1136 GMT March 23, 2018
Ian Williams, a senior analyst with Foreign Policy in Focus, made the remarks in an interview with Press TV on Monday while commenting on Trump’s inflammatory rhetoric against North Korean leader Kim Jong-un.
On Sunday, Democratic Senator Brian Schatz from Hawaii said Trump’s policy of brinkmanship on North Korea could lead the United States towards an accidental war.
Schatz urged Americans in a series of tweets to heed Republican Senator Bob Corker’s comment that Trump could lead the United States toward “World War III.”
“There’s a huge risk of an accidental war. The Second World War started deliberately but the First World War was an accident. You could almost say that the Korean War was an accident,” Williams said.
“It’s not surprising that South Koreans are among those who are the most scared by having such a fierce ‘friend’ as Donald Trump, because while he gets his geopolitical gestures South Korea gets devastated in almost any military scenario,” he stated.
“And this is intolerable to the rest of the world. That means the consequences could spread,” the analyst said.
'US has been threatening North Korea for 70 years'
Williams said it is “quite clear that the North Korean regime is paranoid. The North Korean regime is not entirely sane by the rest of the world standards.”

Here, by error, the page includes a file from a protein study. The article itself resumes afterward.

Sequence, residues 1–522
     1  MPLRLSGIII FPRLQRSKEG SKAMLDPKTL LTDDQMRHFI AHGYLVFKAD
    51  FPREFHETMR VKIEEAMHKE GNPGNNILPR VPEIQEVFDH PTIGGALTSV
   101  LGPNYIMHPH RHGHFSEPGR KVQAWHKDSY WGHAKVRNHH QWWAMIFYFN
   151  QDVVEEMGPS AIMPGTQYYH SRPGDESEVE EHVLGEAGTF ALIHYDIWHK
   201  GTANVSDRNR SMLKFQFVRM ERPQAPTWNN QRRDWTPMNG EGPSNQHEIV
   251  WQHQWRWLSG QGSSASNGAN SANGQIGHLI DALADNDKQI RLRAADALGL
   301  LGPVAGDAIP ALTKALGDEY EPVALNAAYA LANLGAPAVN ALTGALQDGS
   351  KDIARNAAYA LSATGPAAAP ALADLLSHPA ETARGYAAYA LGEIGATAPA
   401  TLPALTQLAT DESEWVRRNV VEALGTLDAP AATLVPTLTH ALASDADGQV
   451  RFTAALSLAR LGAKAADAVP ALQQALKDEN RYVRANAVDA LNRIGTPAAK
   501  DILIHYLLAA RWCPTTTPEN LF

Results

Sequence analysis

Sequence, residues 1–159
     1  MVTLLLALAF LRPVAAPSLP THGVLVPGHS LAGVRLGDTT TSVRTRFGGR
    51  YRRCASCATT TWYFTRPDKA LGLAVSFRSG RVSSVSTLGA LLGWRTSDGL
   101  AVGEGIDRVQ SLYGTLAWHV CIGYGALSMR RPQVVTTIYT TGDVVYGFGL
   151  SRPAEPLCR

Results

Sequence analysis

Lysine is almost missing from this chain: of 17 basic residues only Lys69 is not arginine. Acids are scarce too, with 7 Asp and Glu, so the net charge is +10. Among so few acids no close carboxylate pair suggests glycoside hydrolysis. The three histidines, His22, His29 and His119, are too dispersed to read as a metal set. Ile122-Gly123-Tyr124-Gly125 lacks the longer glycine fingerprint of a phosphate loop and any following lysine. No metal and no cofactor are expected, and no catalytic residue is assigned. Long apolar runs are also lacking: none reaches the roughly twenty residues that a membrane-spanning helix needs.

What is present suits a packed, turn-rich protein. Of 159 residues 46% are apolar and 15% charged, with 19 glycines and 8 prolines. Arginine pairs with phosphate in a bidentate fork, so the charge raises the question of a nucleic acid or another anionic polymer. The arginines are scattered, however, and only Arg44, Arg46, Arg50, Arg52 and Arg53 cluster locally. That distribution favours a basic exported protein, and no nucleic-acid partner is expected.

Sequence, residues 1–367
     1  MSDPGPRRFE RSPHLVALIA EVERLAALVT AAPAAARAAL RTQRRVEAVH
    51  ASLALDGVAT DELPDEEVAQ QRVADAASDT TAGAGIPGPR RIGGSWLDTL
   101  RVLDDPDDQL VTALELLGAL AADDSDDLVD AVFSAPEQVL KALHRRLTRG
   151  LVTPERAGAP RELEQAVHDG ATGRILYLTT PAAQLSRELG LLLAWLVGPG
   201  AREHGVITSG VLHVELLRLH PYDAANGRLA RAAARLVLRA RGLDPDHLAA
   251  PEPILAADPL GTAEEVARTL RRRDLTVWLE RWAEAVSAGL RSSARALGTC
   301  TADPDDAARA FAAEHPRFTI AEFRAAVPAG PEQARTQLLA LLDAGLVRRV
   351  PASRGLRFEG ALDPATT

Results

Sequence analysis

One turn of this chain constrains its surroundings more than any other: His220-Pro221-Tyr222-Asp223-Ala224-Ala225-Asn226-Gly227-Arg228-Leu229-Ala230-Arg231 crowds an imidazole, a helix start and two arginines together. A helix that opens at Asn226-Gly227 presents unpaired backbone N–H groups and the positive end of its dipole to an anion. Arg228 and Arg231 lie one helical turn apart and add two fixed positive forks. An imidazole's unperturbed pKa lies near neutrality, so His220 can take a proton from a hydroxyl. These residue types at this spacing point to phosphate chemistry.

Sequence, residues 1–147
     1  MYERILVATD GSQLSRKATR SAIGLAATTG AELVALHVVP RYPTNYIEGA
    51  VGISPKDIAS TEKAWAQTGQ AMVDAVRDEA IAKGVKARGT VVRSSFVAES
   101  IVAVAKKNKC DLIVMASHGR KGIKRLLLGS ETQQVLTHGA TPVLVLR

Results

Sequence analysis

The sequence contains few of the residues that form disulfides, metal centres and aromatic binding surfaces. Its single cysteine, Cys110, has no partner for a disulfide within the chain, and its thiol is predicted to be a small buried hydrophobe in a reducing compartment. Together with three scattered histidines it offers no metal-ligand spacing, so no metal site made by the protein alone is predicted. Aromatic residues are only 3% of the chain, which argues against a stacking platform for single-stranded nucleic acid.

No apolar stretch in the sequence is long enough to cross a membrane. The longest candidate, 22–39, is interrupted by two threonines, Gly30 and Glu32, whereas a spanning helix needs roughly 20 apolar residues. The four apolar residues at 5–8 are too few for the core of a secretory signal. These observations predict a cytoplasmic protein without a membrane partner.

“The US has been now threatening them for 70 years. The US devastated them during the Korean War. The US practiced using napalm during the Korean War,” he said.
“So the North Koreans have a lot of reasons to be very suspicious of the United States, and everything this government in Washington is doing is calculated to enhance and exacerbate those suspicions,” the journalist noted.
"So, who’s the more rational one here? The fact that Washington should know that North Korea has solid grounds for suspicions, and yet does nothing to allay them, but everything to stoke them,” he said.
“So, yes the senator is quite right that Trump’s refusal to talk and engage in diplomacy with North Koreans and his bellicose language, with threats that are calculated to put fuel in every paranoid suspicion that Pyongyang has, it’s completely counterproductive and dangerous,” the commentator observed.
In a speech to the UN General Assembly last month, Trump warned the North Korean leader that the United States, if threatened, would “totally destroy” his country of 26 million people.
In response, Kim said Trump will “pay dearly” for threatening to destroy North Korea. He added that Trump is "a rogue and a gangster fond of playing with fire," who is "unfit to hold the prerogative of supreme command of a country."
Kim described the US president as "mentally deranged" and warning he would "pay dearly" for threatening to destroy his country.
North Korea has conducted several nuclear tests and missile test-launches in response to US threats against the country.
The North Korean leader ordered the production of more rocket warheads and engines in September, shortly after the United States suggested that its threats of military action and sanctions were having an impact on Pyongyang’s behavior.